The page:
The England and Wales Cricket Board (ECB) has been accused by two former umpires of “institutionalised racism”, in the latest allegations to surface in the sport.
John Holder, who officiated in Test and one-day international matches, said it looked “more than suspicious” he had not received a reply from the ECB when offering to be a mentor.
Ismail Dawood, meanwhile, said he had heard racist language used in front of senior ECB staff, which went unchallenged.
The pair have asked for an independent investigation from the Equality and Human Rights Commission (EHRC) “to challenge organisations like the ECB”.
Former wicketkeeper Dawood, who played county cricket for Worcestershire, Glamorgan and Yorkshire before becoming an umpire, said he had “absolutely no trust or confidence in the ECB” and the organisation is a “complete mess”.
The last black, Asian and minority ethnic (BAME) umpire to be added to the ECB’s first-class list was Vanburn Holder 28 years ago. There have been none since his retirement in 2010.
An ECB spokesperson told BBC Sport: “Today’s group of professional umpires don’t reflect the diverse ECB we are determined to be.
“We want to see more BAME representation among our officials, and recognise we still have a long way to go as a game to achieve this.”
BBC Sport understands a person who used discriminatory language in front of senior managers was suspended, but cleared of wrongdoing.
Dawood, who stood on the ECB reserve list and umpired first-class matches, said: “If that sort of language was used elsewhere, people would lose their jobs.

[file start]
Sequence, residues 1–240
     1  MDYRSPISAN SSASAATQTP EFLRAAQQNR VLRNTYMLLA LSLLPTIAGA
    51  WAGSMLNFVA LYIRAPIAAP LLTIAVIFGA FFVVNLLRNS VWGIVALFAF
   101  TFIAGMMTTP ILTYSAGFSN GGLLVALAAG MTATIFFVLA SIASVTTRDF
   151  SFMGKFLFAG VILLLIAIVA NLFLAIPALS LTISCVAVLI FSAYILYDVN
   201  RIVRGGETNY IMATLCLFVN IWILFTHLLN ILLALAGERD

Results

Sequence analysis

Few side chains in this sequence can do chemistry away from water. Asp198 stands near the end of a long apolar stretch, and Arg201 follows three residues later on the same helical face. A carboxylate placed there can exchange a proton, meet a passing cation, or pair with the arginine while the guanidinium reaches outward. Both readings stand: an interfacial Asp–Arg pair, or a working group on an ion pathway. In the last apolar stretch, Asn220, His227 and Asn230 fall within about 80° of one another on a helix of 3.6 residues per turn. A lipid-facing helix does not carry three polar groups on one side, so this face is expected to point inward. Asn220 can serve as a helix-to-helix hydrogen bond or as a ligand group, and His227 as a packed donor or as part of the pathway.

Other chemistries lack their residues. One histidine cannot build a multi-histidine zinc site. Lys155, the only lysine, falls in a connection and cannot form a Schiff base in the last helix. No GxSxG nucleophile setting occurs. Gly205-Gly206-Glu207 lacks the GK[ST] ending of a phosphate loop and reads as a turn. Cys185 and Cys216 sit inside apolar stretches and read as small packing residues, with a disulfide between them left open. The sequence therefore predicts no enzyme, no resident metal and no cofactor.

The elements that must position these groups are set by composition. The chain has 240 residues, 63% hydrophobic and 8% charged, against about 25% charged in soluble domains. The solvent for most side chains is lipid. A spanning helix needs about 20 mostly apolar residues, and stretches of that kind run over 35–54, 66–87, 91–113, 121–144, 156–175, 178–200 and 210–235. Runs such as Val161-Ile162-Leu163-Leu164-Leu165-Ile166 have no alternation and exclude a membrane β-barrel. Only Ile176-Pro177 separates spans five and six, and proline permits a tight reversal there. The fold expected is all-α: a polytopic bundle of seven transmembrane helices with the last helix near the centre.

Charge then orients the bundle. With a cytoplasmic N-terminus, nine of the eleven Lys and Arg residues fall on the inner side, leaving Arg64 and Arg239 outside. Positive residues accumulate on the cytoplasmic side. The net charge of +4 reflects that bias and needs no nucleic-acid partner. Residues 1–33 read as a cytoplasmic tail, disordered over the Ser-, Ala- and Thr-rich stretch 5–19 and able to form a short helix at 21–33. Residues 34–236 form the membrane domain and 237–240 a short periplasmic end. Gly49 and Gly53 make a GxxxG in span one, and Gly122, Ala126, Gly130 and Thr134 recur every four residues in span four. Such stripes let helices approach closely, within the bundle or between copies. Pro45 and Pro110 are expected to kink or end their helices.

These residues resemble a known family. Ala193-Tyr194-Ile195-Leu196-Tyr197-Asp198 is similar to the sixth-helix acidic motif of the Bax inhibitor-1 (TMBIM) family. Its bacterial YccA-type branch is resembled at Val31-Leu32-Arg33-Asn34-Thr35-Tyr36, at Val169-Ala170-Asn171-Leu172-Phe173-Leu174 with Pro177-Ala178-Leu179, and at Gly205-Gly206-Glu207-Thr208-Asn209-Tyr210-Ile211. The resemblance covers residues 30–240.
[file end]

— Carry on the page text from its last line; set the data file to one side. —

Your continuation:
“I have absolutely no trust or confidence in the ECB. All the way down to the grassroots it is a complete mess and that is why we need it to be investigated. Do I want to be part of an organisation who is a complete mess? No.
“In one performance review, I was told ‘fine judgements must be made about who best fits in’.
“The complaints we have made shows the institutionalised, structured racism as well as discrimination, cronyism, bullying and dishonesty that has been part of our lives being involved in the ECB.”
Holder, meanwhile, says he raised the issue he had not received a response to his email.
Asked if he believes there is institutionalised racism at the ECB, he said: “I have no reason to doubt that there is.
“The fact that several non-white umpires have made enquiries about going on the first-class umpires panel, or becoming a mentor or liaison officer, and none have progressed.”
Their allegations come following Azeem Rafiq’s claim of “institutional racism” at his former club Yorkshire, who have opened an inquiry.
And earlier this year former England batsman Michael Carberry said he does not “expect anything” from the ECB in fighting racism, which he says is “rife” in the sport.
Dawood said: “There are systematic blockages which have been put in place by the ECB and will be kept in place if they are not thoroughly investigated.
“We are having minimal representation of BAME cricket players, coaches, umpire/officials, CEOs. The list goes on. This is from the grassroots level upwards. The barriers that Asian or black people have is far greater than non-BAME people.
“Some of the stories coming out this year have been harrowing. People are not coming out and talking and making things up, so we want the Equality and Human Rights Commission to look into sport as a whole but cricket is our sport.
“We implore the EHRC to look into the structures of the ECB and put them under investigation. They need to challenge organisations like the ECB to act, we don’t want words, we have had lots of words, we want action.”
In its statement, the ECB added: “Earlier this year, we commissioned a full independent employment investigation into allegations made against an individual, and while these were not upheld, the investigation did identify areas where we need to be better and do more to be inclusive and diverse.
“The ECB has now commissioned a review, with board oversight, to look at how we can reform our approach to managing match officials.
“This will set out actions as to how we can improve our systems and processes to increase the diversity of umpiring, inspire the next generation of umpires and match referees, have a world-class umpiring programme and ensure a culture of inclusivity and fairness throughout the umpiring system.” (Courtesy BBC)